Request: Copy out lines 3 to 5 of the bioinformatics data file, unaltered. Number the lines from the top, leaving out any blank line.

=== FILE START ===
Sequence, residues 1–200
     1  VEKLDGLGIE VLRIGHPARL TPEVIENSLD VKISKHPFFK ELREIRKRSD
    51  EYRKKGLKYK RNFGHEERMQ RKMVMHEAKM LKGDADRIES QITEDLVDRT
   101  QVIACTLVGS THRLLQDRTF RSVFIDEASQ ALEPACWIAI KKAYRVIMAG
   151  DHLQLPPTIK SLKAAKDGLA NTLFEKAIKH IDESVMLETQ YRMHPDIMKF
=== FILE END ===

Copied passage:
    51  EYRKKGLKYK RNFGHEERMQ RKMVMHEAKM LKGDADRIES QITEDLVDRT
   101  QVIACTLVGS THRLLQDRTF RSVFIDEASQ ALEPACWIAI KKAYRVIMAG
   151  DHLQLPPTIK SLKAAKDGLA NTLFEKAIKH IDESVMLETQ YRMHPDIMKF